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Comment kind of need them... (Score 1) 684

"He is a recipient of the Free Software Award from the Free Software Foundation for his work on Secure Boot, UEFI, and the Linux kernel". Ah! All the bits that I *don't* want in the kernel.

It's sort of hard to boot on modern hardware without UEFI support, and hard to boot on Secure Boot systems without support for that too. Theoretically there's nothing wrong with Secure Boot as a concept, as long as you pick motherboard vendors that let you add your own signing keys.

Comment Re:Blaming American Engineers (Score 1) 301

It's not impossible that the team assigned to get it to pass US EPA testing could have done something like this without the knowledge of upper management.

As someone with an engineering degree, I'm saddened that they would do something this shady. Professional Engineers are supposed to act ethically.

And seriously...did they really think nobody would ever find out?

Comment not quite (Score 1) 85

The Prime Minister is technically the person most likely to command the confidence of the elected members of the House of Commons.

*Usually* this is the leader of the party with the most seats, but not always.

Totally agree that we need to rein in the power of the PMO, but that would require the members of the House of Commons to take back the power they've ceded to the office of the Prime Minister.

Comment a self-driving car that doesn't isn't worth much (Score 1) 247

If someone buys a "self-driving car", they're going to expect it to, you know, *drive itself*. If the driver has to be alert and attentive and ready to take over at all times then it sort of obviates the entire point of owning a "self-driving car".

Now if the features are marketed as safety-assist capabilities (interval-keeping in cruise control, auto-braking to avoid obstacles, etc.) then that's a different story. In that model the driver is still expected to be in control, and the car just makes the driver safer.

But I'd suggest that for many people a "self-driving car" is what they want. They'd like to tell the car where to go, and then read a book or sleep or watch a movie or something until they get there.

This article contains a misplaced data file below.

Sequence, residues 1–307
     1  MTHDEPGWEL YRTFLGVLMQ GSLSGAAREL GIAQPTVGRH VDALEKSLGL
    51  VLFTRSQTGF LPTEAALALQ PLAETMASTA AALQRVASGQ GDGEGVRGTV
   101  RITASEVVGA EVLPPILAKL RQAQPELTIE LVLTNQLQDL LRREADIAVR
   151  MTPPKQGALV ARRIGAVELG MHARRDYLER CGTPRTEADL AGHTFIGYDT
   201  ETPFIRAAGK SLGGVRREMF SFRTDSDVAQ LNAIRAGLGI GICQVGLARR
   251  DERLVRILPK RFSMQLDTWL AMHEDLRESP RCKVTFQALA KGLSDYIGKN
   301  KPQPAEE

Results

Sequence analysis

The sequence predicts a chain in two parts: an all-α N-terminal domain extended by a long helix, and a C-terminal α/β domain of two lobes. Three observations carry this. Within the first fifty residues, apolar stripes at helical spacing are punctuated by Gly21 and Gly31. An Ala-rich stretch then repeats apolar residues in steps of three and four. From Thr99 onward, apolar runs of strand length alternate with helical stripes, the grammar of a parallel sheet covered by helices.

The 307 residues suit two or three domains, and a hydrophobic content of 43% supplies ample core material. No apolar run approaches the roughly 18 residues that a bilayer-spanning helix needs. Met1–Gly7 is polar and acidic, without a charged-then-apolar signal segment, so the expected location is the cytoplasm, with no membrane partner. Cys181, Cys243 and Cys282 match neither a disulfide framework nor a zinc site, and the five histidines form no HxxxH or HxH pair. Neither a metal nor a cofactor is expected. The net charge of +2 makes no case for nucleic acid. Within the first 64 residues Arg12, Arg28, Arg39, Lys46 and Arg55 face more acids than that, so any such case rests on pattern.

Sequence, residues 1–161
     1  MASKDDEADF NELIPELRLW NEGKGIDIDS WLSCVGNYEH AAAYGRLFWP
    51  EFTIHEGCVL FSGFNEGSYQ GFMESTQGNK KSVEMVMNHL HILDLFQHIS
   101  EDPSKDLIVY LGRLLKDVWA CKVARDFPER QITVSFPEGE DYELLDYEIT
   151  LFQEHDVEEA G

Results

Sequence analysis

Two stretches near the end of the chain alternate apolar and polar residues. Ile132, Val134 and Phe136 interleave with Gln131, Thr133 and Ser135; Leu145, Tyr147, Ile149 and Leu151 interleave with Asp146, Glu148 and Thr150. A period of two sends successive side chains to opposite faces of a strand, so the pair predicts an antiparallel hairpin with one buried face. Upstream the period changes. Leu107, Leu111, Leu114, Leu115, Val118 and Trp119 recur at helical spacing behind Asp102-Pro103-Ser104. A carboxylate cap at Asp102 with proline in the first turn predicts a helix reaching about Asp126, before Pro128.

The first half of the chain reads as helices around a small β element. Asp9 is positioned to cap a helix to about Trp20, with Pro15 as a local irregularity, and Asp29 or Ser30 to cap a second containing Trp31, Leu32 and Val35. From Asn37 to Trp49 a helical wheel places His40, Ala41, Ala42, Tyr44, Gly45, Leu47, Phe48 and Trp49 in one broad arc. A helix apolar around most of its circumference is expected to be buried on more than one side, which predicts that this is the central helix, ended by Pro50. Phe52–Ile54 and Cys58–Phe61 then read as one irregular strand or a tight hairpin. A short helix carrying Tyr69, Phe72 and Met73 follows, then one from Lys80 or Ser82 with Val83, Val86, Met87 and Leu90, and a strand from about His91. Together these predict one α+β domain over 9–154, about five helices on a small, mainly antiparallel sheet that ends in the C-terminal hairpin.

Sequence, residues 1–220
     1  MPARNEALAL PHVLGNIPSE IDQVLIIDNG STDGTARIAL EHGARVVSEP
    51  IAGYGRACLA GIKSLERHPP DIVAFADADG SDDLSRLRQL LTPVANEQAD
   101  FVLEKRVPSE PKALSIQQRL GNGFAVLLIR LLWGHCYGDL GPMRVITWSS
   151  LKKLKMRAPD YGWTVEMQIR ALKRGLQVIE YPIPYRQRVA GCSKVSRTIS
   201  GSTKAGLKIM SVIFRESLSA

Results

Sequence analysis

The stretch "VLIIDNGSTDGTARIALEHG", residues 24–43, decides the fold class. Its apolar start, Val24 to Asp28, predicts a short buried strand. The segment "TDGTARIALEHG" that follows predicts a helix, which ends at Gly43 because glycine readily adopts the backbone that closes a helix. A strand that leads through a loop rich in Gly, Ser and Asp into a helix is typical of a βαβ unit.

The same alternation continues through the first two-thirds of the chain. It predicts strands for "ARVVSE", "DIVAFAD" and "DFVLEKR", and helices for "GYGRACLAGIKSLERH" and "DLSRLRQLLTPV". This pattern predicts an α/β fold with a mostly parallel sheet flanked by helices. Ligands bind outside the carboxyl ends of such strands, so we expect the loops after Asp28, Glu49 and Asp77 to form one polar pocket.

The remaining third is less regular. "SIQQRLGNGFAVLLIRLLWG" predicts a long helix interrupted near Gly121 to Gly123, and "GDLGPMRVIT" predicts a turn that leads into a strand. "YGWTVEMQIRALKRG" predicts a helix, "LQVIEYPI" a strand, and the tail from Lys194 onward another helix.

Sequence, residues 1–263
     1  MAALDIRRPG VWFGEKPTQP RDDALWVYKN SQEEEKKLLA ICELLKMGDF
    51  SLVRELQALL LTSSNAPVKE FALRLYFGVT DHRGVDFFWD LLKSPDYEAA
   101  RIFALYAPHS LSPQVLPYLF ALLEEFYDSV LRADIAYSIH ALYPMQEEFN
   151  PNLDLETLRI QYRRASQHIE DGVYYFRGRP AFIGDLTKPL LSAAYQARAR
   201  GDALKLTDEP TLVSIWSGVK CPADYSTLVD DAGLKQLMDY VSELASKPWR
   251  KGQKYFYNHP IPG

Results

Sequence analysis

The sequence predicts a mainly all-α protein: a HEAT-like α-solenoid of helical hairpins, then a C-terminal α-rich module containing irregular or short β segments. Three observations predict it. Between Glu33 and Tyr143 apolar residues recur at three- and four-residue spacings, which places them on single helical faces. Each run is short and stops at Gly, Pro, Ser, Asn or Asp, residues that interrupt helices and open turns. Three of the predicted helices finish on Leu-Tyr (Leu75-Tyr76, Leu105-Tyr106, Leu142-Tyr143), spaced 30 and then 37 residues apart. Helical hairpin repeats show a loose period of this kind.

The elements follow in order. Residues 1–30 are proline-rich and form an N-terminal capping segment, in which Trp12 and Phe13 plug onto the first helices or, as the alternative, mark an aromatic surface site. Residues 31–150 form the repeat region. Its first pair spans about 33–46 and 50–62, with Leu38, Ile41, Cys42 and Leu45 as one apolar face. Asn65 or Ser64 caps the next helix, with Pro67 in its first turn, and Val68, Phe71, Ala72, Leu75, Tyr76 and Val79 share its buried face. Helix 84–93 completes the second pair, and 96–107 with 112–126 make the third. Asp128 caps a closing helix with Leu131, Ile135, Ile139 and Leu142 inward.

Comment actually I do use it till it breaks (Score 1) 279

Phones are different than computers, yet people still try to apply the computer mentality to it. You don't just buy a smartphone and sit back and use it until it breaks.

Actually, I do. I used a Blackberry Curve with the rollerball until it physically broke. I then got a free Android phone from my brother and used it till it broke. I have an HP Touchpad running CyanogenMod and I'm going to use it till it breaks. My current phone is a Moto G, and I fully expect to use it until it breaks.

If the vendor abandons it, you reflash it with a community distro. Simple as that...

Comment buying makes sense if you hold onto it (Score 1) 279

Renting/leasing a phone (or a car) generally only makes sense if you have to have the new shiny all the time.

It'll likely work out cheaper to buy a used high-end phone (or a new midrange one) and use it till it doesn't work anymore. The long-term ownership is where you save money by buying vs leasing.

Comment as always, depends what you need (Score 1) 350

I've got a Dell Vostro that's pushing 5 years old. I paid $440 (Canadian) for it. It does everything I need it to, because it's main purpose in life is web browsing, email, word processing, and exporting streaming video via HDMI to my home theater.

For that purpose any of the Mac lineup would be overkill.

So sure, *at comparable specs* the Mac pricing is competetive. But many people just don't need those specs, and for those people a Mac is simply overpriced.

Comment nope (Score 5, Informative) 755

It's a replacement for welfare, employment insurance, social assistance, old age security, etc.... Some fiscal conservatives are in favour of it because if nothing else it minimizes administrative overhead by combining everything into a single program.

Also, it's usually set up so that there is always a benefit to working more. Claw-backs start at 50% and go down as income goes up. (As opposed to silly current welfare that initially doesn't let people keep any of the incremental additional money they make, leading people to not even bother trying.)

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